Sustainable cities sparked widespread interest
27 November 2018
The majority of the world’s population live in cities, which demands new, smart solutions. The discussions were wide-ranging at the AIMday Sustainable Cities meeting held 23 October at Uppsala University. The topics covered everything from technical solutions to promoting health and integration.
More than 100 people attended the meeting – including 50 scientists. The others were from 18 different companies and organisations, including NCC and the Municipality of Uppsala, which which Uppsala University has a collaboration agreement.
“This was our first AIMday on sustainable cities. There is tremendous knowledge in the fields of engineering and technology at Uppsala University, but also extensive research on the social aspects in the humanities and social sciences. Demand was high and we received 60 or 65 questions before the meeting,” says Harris Stamatopoulos, a collaboration manager at UU Innovation.
Developed at Uppsala University in 2008, the AIMday meeting approach has spread in the university world in Sweden and abroad. The process is that companies and organisations submit their questions in advance, which are then matched to suitable scientists. Over the course of the day, attendees are brought together in small groups organised around various issues.
Huge demand for solutions
The questions at this meeting dealt with everything from how to use sensors in urban environments and recycle construction materials to building meeting places where everyone feels welcome.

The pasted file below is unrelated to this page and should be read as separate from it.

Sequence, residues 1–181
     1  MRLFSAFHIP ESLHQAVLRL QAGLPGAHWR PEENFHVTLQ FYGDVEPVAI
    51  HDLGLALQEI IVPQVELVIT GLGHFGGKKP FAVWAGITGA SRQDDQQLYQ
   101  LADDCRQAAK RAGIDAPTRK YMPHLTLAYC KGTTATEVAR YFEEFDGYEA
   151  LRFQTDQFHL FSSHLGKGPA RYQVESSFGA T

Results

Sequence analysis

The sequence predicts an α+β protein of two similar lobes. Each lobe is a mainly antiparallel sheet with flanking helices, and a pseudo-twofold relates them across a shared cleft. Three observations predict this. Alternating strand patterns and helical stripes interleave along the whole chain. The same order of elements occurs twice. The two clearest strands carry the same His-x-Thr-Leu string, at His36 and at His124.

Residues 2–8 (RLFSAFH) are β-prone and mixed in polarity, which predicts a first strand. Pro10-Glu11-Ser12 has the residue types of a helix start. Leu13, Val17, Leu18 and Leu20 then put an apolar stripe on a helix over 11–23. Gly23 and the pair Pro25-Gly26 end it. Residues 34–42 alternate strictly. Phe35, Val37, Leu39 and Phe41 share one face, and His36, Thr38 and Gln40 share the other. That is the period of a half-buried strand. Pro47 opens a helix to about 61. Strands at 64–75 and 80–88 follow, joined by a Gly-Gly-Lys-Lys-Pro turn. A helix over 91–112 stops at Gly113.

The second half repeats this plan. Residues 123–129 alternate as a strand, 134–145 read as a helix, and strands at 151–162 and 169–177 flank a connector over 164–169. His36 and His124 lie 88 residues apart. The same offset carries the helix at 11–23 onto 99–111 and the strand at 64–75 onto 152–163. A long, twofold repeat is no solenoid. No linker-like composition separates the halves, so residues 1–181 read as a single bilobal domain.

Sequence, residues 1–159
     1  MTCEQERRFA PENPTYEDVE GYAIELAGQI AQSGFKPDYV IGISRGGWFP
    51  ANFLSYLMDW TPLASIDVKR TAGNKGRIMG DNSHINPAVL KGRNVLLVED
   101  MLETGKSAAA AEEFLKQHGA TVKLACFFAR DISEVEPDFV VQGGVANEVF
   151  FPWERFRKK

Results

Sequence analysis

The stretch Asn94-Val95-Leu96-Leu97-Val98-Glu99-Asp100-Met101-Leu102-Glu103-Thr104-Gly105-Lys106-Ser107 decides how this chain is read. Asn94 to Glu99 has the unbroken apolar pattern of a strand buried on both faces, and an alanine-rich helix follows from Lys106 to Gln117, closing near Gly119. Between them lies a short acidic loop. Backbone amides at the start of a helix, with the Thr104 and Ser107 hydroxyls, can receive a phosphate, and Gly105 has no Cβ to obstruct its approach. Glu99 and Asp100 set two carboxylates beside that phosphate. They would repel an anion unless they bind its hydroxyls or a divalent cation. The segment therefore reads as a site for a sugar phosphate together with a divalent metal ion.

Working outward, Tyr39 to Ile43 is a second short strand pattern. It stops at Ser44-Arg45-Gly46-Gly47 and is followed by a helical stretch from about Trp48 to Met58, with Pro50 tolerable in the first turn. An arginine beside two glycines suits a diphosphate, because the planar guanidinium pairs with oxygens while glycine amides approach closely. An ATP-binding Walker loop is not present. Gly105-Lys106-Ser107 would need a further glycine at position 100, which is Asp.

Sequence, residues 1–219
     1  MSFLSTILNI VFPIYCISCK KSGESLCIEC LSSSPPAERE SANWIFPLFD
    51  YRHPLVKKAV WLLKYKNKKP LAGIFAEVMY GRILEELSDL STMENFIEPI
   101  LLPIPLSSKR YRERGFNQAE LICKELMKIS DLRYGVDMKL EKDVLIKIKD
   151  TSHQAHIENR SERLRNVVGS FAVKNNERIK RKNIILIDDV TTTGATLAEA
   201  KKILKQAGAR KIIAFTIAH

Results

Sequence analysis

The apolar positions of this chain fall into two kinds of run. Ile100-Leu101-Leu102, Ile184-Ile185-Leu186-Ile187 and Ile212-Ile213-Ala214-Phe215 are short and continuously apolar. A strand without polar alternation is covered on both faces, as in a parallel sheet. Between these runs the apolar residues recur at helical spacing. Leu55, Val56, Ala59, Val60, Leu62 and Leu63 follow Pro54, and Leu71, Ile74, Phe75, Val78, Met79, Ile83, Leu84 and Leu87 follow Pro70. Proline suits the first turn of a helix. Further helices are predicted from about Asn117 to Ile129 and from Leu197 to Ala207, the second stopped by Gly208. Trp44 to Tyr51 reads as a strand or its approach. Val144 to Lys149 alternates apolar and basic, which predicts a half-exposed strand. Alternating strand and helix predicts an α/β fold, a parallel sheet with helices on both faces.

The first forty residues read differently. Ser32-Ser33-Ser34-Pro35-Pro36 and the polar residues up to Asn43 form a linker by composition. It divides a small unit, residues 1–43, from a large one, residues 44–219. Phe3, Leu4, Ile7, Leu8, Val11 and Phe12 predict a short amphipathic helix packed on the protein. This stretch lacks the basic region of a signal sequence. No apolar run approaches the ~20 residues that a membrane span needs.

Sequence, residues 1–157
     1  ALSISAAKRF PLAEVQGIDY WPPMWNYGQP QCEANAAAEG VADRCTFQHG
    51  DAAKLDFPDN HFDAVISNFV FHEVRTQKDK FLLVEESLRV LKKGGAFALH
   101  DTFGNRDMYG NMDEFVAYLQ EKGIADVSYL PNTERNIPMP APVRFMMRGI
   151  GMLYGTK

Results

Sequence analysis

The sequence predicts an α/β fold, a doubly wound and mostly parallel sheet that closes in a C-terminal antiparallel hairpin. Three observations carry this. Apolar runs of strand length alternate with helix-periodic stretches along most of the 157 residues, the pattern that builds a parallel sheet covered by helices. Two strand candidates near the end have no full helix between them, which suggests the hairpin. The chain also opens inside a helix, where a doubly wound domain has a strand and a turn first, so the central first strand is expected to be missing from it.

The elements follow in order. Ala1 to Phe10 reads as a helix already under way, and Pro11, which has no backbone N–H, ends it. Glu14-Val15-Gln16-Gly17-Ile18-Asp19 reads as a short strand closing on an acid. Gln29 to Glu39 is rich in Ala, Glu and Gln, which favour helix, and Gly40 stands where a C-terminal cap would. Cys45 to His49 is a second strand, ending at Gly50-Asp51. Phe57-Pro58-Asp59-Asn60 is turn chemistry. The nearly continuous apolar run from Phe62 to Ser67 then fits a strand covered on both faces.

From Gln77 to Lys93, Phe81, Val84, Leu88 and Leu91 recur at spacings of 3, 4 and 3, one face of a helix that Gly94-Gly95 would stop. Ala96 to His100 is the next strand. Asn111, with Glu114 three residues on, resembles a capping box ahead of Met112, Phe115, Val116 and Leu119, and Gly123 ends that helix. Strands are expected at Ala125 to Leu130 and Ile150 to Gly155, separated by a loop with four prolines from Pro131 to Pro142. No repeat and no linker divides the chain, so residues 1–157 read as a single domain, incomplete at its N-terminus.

“This is an interdisciplinary programme of meetings between external actors and researchers from all fields of science and scholarship,” says Harris Stamatopoulos.
He thinks gathering them around urban sustainability makes sense. It is an area where research can truly benefit society and where companies are looking for expertise and scientists to collaborate with.
“The interest in sustainability works as a link to join innovations, research and society. AIMday is a way for us to identify the benefit in new and innovative collaborative projects between external stakeholders and researches. At AIMday, the researchers can get feedback on which aspects of their research are interesting from a sustainability perspective and how it can contribute to society. That adds value to the research and makes it possible to seek funding for collaborative projects.”
The aim of the day, as with all AIMdays, is to initiate new collaborations. Harris Stamatopoulos and his colleagues at UU Innovation will be measuring the results of the meeting, and can also help fund studies.
“The size of the meeting is immaterial. What matters is how many projects are initiated. If there is interest in starting projects, we will arrange more AIMdays in this area and perhaps address other aspects of sustainability.”
AIMday Sustainable Cities
The discussions at AIMday Sustainable Cities were organised into four themes:
- Technical sustainability, covering topics such as materials, energy, digitalisation, building and infrastructure.
- Social sustainability, addressing matters including integration, gender equality, security, health and occupational health and safety.
- Sustainable systems, including climate change, sustainable business models, recycling and urban planning.
- Interdisciplinary projects that cross the lines between the first three themes.